Blade Symphony is about the fantasy of being a swordsman and all that comes with it: honour, skill and etiquette. If you’re responsive to those ideas to even a small degree, it is a fighting game with tremendous depth and promise. It’s a realisation of its core fantasy that’s original enough in its execution to stand up as a competitive game in its own right.
It’s also proof the fighting genre has an alternative PC history, one with its origins in modding and indie development rather than the arcade. Blade Symphony is a direct successor to the Jedi Knight series and the scene that grew around online lightsaber duelling. Others have come down the same path since – Chivalry and Lugaru, for instance – but Blade Symphony is the first to capture the social spirit of Jedi Knight’s duelling servers.
Like its predecessor, Blade Symphony is structured around one-on-one duels. Two players armed with swords face each other in a 3D arena with full freedom of movement. The game is designed to be controlled with a mouse and keyboard, and attacking is linked to a single button press. Switching between three ground stances, charging attacks, changing direction and jumping means that your attack can be modified in dozens of ways, depending on your character.
There are four fighters, each representing a different style of swordfighting. Phalanx is a fencer. His light attacks are jabbing thrusts and his weakness is the relative simplicity of his movement. Contrast that with Pure, a whirling wushu fighter whose aerial power and radial attack patterns are hard to read and even harder to parry. Judgement is styled like a samurai and has the most powerful heavy attacks of all; Ryoku specialises in fast, direct attacks followed by evasive manoeuvres.
A character’s moveset is presented as a grid at the bottom of the screen, with vertical rows representing stances – fast, balanced, heavy and air – and the horizontal representing progression along each combo track. By switching up and down through stances, any given combo can navigate a freeform path across the grid as the situation dictates. Certain combinations are more effective than others, and these are the ones you’ll need to memorise, but by and large the system is less didactic than fighting game players will be used to. The emphasis here is on-the-fly problem solving, on doing things your opponent won’t have seen before, and on being acutely aware of your position in 3D space.
A blade’s position is calculated precisely, and where and how powerfully an attack connects affects how much damage is done. Longswords and scimitars can adopt a general blocking stance, but otherwise parries need to be exact to register. To help with this, your next attack is telegraphed ahead of you as a holographic blade path that only you can see. This helps to ensure that you know exactly what your sword is going to do when you click. Facing a charging Pure as Phalanx, for example, you might step to the side at the last second and parry with a balanced sideways swing. Providing your blades connect, or you succeed in hit-stunning your opponent, you can then transition into a charged lunge in the fast stance, leaping in to strike and back to get yourself out of range. This pattern of attack, counterattack and evasion sets the game’s rhythm – extended clashes are almost always lethal for one party.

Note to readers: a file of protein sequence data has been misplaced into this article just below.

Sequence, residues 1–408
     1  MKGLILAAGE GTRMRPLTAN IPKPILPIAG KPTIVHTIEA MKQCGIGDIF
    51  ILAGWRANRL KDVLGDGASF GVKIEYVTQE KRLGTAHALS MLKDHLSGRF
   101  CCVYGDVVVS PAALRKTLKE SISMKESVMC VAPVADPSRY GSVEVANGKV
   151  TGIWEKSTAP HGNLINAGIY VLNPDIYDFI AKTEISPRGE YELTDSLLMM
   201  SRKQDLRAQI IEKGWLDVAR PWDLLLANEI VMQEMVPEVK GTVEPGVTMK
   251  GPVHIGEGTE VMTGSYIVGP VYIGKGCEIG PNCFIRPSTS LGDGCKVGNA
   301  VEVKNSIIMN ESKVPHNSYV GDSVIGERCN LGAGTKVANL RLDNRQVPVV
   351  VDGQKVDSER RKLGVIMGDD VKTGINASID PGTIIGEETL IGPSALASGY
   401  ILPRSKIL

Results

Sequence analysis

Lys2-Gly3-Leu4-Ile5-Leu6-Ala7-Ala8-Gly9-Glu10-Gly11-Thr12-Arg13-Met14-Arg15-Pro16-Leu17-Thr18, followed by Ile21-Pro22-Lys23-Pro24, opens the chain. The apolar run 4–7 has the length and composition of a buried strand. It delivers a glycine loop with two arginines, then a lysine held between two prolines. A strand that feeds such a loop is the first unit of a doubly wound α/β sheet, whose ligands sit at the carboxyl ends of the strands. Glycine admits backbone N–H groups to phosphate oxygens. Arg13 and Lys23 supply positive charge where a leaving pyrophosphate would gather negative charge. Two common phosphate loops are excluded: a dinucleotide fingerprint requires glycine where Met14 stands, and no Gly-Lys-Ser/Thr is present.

The swords themselves further complicate this already complex system. You pick a blade type (and a cosmetic style) independent of your character, and it’s the relationship between the two that defines exactly how you’ll go about trying to win. Longswords can block and do more damage when they laterally bisect an opponent. Rapiers are effective at parrying and are lethal when combined with forward attacks. Katanas can’t block, but can feint out of attacks and do double damage after a parry. The Chinese jian can intercept even heavy attacks. Simitars offer lower base damage, but the amount of pain they inflict doesn’t decrease over the course of a multiple-hit attack.
Resolving all of these interlocking systems is the game’s chief challenge, and the normal tutorial can only give you a grounding in the basics. It’s possible to download a more comprehensive version from the Steam Workshop, but even so the learning curve is severe. Climbing it, however, is aided by the game’s excellent online structure. In free-for-all mode, players hang out in multiroom dojos, challenging each other to duels. When a bout begins, other players turn into outlines and can’t interfere with the fight, but they can watch from the sidelines and often do. Failure in this mode isn’t punished, so new players can challenge whoever they like without fear of losing their rating.
The game uses an Elo system to determine a player’s rank. Unlike other online games, where you gain experience and progress through fixed tiers, your rating in Blade Symphony is based on your skill relative to the rest of the playerbase. Whichever percentile you fall into determines your league – from Oak to Master – and you can only gain or lose rating by duelling people in the same league on a ranked duelling server, where players queue for matches in walled-off arenas.
Ranked duels have an extraordinary sense of personality and carry significant weight, particularly between high-ranking players. The community is small, so you’re likely to see the same people a lot. Rivalries form naturally, and the community maintains a culture of etiquette. It is considered good manners, for example, to use a bow emote before a duel. It’s the combination of this collective roleplay with direct competition that makes the game so compulsive. As such, Blade Symphony is as close as you are likely to get to the fantasy of slowly becoming a master swordsman.